Officers, medical staff, and interpreters are a few of the high-value targets that enemy forces focus on first while in a war zone. But the enemy also has their crosshairs on another professional that’s excellent at sniffing out homemade bombs: military working dogs.
Over 1,600 dogs train and serve alongside our brave troops, adept at hunting down the nasty ingredients used to produce those dangerous IEDs. Despite the serious nature of their mission, military working dogs are the subject of some of the funniest memes ever created.
There are some planes that hang onto service even though time and technology have long passed them by. One of these planes, which first flew in 1947, is something that could’ve once been considered state-of-the-art… in 1918.
And yet, somehow, this plane is still in service with militaries today. The Antonov An-2 Colt is, arguably, an outdated junk-heap. Even the UH-60 Black Hawk is faster than this fixed-wing plane (the Black Hawk has a top speed of 183 mph, the Colt maxes out at a paltry 160). Additionally, the An-2 can haul a dozen passengers while the UH-60 can, in some cases, carry 22. Can you say “outclassed?”
Only in terms of maximum range does the An-2 take an edge over the ubiquitous Black Hawk (it’s got a range of 525 miles, which is longer than UH-60’s 363). So, how has this plane survived so long?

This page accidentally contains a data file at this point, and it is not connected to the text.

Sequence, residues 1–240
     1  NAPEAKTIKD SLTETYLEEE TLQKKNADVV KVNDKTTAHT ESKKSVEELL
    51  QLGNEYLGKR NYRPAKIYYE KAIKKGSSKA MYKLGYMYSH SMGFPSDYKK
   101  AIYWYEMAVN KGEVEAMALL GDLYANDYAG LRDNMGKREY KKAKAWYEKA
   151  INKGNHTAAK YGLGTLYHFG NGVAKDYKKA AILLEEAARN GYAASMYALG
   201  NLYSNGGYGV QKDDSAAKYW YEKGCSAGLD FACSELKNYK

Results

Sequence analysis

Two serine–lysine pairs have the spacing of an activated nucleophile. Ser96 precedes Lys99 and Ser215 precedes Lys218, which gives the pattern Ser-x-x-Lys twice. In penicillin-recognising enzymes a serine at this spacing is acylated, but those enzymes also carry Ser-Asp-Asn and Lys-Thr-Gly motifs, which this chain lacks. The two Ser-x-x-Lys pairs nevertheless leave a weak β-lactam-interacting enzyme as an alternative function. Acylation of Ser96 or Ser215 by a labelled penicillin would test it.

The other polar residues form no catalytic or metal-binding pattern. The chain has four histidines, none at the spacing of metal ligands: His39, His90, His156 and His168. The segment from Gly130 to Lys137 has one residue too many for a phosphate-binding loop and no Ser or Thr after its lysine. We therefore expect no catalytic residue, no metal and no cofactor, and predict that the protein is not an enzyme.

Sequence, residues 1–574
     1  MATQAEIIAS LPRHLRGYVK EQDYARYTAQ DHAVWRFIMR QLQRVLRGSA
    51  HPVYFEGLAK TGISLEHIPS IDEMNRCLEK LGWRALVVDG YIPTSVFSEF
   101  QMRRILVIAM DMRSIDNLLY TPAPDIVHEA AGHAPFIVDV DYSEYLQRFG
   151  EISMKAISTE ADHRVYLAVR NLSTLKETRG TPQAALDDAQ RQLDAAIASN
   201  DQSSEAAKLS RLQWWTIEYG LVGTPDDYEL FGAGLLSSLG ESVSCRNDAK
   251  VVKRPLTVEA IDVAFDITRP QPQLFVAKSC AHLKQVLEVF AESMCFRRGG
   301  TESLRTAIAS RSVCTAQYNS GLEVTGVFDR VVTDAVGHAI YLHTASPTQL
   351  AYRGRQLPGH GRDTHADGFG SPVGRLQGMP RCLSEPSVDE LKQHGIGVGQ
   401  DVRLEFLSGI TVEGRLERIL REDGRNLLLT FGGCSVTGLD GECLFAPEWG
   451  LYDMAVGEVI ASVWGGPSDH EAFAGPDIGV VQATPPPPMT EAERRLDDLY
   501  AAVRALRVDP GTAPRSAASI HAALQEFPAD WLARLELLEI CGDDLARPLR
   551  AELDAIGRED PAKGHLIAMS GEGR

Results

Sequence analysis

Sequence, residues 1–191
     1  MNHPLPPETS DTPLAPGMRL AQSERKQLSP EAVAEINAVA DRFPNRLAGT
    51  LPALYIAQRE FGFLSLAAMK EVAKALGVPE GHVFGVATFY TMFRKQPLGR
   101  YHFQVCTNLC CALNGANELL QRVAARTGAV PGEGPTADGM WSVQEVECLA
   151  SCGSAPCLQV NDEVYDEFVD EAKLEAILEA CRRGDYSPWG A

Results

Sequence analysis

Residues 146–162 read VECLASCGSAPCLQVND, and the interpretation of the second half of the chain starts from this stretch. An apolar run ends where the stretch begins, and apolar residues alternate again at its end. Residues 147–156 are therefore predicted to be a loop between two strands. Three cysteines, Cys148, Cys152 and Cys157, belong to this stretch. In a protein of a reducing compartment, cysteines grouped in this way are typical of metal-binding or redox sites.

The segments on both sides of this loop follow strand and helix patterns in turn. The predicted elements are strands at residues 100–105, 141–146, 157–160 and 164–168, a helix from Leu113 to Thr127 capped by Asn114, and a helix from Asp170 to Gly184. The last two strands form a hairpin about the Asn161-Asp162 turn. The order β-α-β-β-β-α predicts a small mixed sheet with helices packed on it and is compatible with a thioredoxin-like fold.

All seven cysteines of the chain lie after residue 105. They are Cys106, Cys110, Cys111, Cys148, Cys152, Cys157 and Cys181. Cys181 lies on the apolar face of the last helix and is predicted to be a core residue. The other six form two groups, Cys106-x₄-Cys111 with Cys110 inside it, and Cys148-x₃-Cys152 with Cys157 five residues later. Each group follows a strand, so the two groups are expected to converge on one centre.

This recognition drawing shows just how state of the art the An-2 is… for 1918.
As history has proved, there’s strength in numbers. This plane was in production for over 50 years with the Soviet Union, Poland, and Communist China. A production run that long was responsible for the creation of at least 18,000 airframes. No matter what you use them for, that staggering number of planes won’t be simply disappearing any time soon.
As you might have guessed by now, the An-2 is also very popular because it’s extremely cheap, especially second-hand (some are for sale for as little as ,170).
The last thing you’d expect from a cheap, fragile aircraft is a combat role — but over its long career, it’s seen plenty of action. This plane was used primarily by communist forces in the Korean War and Vietnam War. It also played the part of a makeshift bomber in the 1991 Croatian War for Independence.
An-2s are getting upgrades – this An-2-100 has a turboprop engine.
Like the famous C-47 Skytrain, the An-2 has been continually upgraded throughout its storied career to keep it flying for decades to come. Modern Colts make use of turboprop engines and composite wings.
Learn more about this very common (and somewhat antiquated) biplane cargo hauler in the video below!
These days, Americans are less likely to exclaim “son of a gun” than the more-explicit “son of a b*tch,” but there was a time when “son of a gun” itself was not used in mixed company — and that time was more than 200 years after the age of sail.